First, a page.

Airstream rolls out new interiors for the wildly popular Flying Cloud and International RVs starting at $78,900. Take a look inside.

2021 International.
2021 International.


  • Airstream has unveiled updated interiors for the 2021 Flying Cloud and International travel trailers.

  • The Flying Cloud’s interior’s refresh is called Sunlit Maple, while the International’s new interior has been titled Coastal Cove.

  • Both come with similar interior upgrades, such as new overhead cabinets and faucets.

  • The Flying Cloud starts at $78,900, while the International has an MSRP of $91,900.

  • Visit Business Insider’s homepage for more stories.

Airstream has unveiled an updated interior for two of its popular travel trailers, the Flying Cloud and International, for 2021.

Both interior updates come with different refreshed aesthetic themes, but similar upgraded interior components, such as new overhead cabinets and faucets.

The Flying Cloud specifically has 14 floor plans that allow the travel trailer to sleep between six to eight people at varying build lengths. According to Airstream, it’s the company’s most popular travel trailer.

It’s 2021 refresh

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Is This Beach House Actually Where the Wild Things Are?

Photo credit: Marili Forastieri
Photo credit: Marili Forastieri

From ELLE Decor

A young family with a summer home in Quogue, New York, recently turned to Rodney Lawrence to design a space where they could entertain summer visitors, many with young children in tow. The result is a perfect embodiment of Lawrence’s style—an aesthetic that he calls “magical yet livable,” in a space that doesn’t feel out of context with the property yet manages to show off some whimsical features. To wit: a mural inspired by Maurice Sendak’s classic children’s book Where the Wild Things Are, as well as a ceiling that mimics the iconic sky painted overhead in New York City’s Grand Central Terminal.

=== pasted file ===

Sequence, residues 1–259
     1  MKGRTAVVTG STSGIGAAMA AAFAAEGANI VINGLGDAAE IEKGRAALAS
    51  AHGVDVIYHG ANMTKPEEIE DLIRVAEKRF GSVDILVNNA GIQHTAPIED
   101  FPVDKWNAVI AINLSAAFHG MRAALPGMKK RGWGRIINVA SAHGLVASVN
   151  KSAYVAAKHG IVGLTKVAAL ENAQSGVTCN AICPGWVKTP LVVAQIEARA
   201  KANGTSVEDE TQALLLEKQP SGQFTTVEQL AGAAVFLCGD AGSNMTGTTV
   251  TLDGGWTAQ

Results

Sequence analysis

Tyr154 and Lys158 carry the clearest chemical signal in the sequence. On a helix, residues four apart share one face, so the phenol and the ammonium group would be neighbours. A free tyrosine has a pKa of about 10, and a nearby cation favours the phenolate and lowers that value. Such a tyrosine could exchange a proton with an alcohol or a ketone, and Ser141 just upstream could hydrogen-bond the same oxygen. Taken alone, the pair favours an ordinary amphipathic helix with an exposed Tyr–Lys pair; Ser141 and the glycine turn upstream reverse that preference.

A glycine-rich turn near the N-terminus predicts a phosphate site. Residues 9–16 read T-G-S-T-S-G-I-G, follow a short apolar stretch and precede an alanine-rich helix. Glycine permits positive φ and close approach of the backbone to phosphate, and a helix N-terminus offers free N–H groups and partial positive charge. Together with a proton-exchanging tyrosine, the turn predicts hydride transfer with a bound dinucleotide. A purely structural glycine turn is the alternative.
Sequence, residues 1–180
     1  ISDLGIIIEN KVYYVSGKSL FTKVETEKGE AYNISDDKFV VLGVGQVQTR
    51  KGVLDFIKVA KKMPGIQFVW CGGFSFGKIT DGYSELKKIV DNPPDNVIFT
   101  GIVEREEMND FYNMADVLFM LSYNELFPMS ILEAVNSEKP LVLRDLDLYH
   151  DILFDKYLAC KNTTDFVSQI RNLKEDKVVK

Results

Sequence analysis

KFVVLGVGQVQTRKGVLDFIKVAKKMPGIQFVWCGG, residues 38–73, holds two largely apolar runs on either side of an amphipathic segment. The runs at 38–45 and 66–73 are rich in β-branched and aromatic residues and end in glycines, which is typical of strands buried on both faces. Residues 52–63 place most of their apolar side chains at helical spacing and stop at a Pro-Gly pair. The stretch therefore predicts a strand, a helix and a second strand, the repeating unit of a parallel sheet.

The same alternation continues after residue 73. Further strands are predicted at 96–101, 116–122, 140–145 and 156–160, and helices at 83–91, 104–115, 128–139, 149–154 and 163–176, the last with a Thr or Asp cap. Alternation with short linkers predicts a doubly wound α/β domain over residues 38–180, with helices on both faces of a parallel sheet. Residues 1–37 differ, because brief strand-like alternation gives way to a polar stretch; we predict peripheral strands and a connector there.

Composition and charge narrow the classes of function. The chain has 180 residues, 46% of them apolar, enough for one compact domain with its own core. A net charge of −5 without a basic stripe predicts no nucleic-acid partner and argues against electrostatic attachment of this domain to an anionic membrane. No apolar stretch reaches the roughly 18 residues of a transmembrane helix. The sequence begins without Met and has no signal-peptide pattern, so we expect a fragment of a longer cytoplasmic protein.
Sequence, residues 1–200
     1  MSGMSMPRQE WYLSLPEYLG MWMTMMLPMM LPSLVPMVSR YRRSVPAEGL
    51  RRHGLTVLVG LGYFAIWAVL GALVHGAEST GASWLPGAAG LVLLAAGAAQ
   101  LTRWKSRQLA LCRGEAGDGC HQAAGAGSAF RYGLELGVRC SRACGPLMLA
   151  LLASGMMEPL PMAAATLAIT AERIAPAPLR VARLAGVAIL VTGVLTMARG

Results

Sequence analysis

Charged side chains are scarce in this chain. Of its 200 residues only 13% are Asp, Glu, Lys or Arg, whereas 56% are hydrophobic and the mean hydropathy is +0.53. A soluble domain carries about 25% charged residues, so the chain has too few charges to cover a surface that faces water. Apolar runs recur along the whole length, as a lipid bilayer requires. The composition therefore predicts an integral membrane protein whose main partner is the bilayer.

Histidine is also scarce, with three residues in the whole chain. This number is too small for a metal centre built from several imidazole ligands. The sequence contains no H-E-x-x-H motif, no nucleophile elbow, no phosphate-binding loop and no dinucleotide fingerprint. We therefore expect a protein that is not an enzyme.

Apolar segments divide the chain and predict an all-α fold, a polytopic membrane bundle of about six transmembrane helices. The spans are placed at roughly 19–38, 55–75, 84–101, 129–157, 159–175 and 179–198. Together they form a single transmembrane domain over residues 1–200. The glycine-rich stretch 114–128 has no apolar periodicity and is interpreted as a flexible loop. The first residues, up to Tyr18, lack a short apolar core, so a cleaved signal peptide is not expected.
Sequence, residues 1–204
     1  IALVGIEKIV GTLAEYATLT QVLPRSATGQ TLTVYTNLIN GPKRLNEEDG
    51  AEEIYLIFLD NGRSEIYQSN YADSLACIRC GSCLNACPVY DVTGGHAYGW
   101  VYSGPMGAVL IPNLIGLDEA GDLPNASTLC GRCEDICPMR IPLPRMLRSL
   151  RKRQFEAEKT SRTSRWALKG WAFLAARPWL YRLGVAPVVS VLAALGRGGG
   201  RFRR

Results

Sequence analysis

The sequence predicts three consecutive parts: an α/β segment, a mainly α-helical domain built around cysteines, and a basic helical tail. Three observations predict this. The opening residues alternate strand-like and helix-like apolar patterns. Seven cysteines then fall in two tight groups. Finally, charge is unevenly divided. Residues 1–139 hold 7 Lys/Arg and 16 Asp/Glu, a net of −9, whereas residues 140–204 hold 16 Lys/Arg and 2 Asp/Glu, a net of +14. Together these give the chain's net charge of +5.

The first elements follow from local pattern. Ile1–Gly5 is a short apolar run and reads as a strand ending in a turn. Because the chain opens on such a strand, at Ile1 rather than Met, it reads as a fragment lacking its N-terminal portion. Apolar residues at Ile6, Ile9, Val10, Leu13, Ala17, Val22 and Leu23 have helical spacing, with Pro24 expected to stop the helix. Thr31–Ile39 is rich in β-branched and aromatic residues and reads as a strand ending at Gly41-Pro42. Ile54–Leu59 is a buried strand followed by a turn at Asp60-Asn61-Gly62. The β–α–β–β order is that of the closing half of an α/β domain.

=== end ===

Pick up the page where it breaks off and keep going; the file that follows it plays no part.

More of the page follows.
“I look for serenity in spaces,” Lawrence says. “One of our primary goals with this project was to have moments of whimsy throughout the home, but not to feel overwhelmed.” Lawrence, who previously worked for Paul Siskin of Siskin

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1964 Volkswagen Karmann Ghia Design Driveway Test

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It’s weird calling a Volkswagen beautiful. None of the brand’s current offerings evoke such a thought, but it wasn’t always this way. Enter the Volkswagen Karmann Ghia, a car that is shocking to see the VW emblem on to this day. The name isn’t very creative, but it works, and it’s informative. This Volkswagen was penned by Ghia, an Italian design company, and was hand-built by Karmann, a German coachbuilder.

The setup made sense. Who better to style a flagship car than an Italian company known for pumping out beautiful designs? The result was a truly gorgeous coupe (and convertible a couple years after), and to make it even better for VW execs, the car was designed on the already-proven Beetle running gear. Using the parts bin for the Karmann Ghia was a double-edged sword, though. 

You see, the Beetle was not a fast

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